Originally developed to improve conservation in terrestrial ecosystems, the HCV Approach is increasingly recognised as a valuable method for preserving essential water resources and habitats
Some of the most threatened ecosystems on the planet are freshwater areas – our rivers, lakes, the water networks providing essential services to communities living both near and far. Our attention on the health of our oceans has also grown in the last decades, as pollution, overfishing, and climate change are changing the waters we depend on. With about 75 per cent of major marine fish stocks exhausted or overexploited, the food security and livelihoods of millions of people face an uncertain future.
But how can the protection of freshwater and marine ecosystems be improved using some of the methods that have been effective for conservation in other contexts? The HCV Approach can provide some of the answers, experts agree, by helping to tackle many of the harmful practices affecting our waters.
Earlier this summer, the HCV Summit brought together a panel of experts to discuss how the HCV Approach can be adapted to water ecosystems, and what challenges still need overcoming. It wasn’t the first conversation on the topic – in 2015, a scientific paper looked at how HCVs could be adapted and applied to freshwater ecosystems.
“The HCV Approach is flexible and adaptable, making it suitable to aquatic habitats. Freshwater and marine ecosystems, like their land-based counterparts, are valued due to their various qualities from community importance to rare and endangered species,” says Alexis Morgan, Global Water Stewardship Lead at WWF, who moderated the session at the Summit and also co-authored the 2015 paper. “The Approach covers these various aspects making it a suitable frame across terrestrial, marine and freshwater systems,” says Morgan.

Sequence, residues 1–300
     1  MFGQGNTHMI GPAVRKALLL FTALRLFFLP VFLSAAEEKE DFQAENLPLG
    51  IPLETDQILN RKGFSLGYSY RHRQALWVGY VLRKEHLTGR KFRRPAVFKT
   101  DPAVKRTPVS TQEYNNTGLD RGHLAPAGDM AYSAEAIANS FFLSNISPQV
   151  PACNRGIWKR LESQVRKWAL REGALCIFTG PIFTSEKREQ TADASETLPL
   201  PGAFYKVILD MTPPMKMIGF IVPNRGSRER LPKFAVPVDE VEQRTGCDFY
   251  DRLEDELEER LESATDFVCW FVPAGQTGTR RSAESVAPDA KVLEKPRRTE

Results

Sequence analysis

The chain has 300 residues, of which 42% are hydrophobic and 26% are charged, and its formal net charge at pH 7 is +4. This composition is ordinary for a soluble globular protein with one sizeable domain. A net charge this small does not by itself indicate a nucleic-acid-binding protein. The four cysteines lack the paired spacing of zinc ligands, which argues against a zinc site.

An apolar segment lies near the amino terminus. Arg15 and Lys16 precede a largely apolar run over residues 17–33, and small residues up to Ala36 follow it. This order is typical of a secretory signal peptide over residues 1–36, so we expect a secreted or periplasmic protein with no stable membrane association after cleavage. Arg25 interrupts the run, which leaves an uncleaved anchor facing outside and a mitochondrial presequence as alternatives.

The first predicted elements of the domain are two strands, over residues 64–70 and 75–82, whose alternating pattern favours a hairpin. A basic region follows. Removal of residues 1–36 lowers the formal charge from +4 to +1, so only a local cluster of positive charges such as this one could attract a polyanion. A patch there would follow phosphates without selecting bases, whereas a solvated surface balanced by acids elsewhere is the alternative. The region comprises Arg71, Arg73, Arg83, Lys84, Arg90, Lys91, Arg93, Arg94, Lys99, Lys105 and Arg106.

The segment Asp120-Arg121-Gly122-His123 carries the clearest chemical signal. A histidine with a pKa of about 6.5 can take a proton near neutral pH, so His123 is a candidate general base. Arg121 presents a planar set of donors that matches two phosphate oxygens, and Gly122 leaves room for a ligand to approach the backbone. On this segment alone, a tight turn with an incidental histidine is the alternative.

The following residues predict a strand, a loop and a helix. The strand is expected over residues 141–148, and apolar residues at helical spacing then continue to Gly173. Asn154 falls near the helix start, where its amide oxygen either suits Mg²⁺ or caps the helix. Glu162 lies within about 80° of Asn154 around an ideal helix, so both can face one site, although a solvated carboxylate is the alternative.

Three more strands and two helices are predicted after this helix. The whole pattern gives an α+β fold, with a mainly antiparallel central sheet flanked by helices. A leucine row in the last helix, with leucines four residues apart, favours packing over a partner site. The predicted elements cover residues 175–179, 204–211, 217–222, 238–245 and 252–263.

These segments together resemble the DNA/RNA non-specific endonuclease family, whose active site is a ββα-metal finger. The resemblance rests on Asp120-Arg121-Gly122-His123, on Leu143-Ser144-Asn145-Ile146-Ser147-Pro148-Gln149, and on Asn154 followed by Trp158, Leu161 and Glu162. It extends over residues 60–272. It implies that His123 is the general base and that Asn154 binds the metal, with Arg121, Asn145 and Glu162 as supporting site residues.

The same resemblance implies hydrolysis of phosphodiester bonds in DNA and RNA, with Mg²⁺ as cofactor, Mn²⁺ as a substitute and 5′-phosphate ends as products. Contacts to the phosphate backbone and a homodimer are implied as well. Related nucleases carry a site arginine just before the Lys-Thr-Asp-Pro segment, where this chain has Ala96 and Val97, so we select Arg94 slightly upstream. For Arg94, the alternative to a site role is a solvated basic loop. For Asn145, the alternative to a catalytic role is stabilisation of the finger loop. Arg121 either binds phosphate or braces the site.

According to Robin Abell, freshwater lead at Conservation International, even though High Conservation Values might not specifically be mentioned in freshwater ecosystem conservation, HCVs are invoked, especially HCV 2 (landscape-level ecosystems) and HCV 5 (community needs). “There has been a real upsurge in attention around critical natural capital,” said Abell during the Summit. “Many companies are looking to invest in Nature-based Solutions (NbS) for water security to offset their water use or reduce their risks.” For Abell, an advantage of adapting the HCV Approach for use in water contexts is that the methodology is comprehensive and that it doesn’t prioritise one value over another. This should help private sector actors who are interested in investing in healthy watersheds to think about their impact more holistically as they try to reduce their water risks.
The HCV Approach can be a useful tool for protecting ecosystems in the Amazon. Carlos Durigan from WCS Brazil explained during the HCV Summit that the Approach could support local governments have a fresh, more holistic vision for aquatic ecosystem management in the region and their connection to land and could also better inform decision-making processes. The HCV Approach’s focus on community engagement could also improve the participation of local communities, Indigenous Peoples, and other stakeholders in monitoring how industries are affecting critical ecosystems.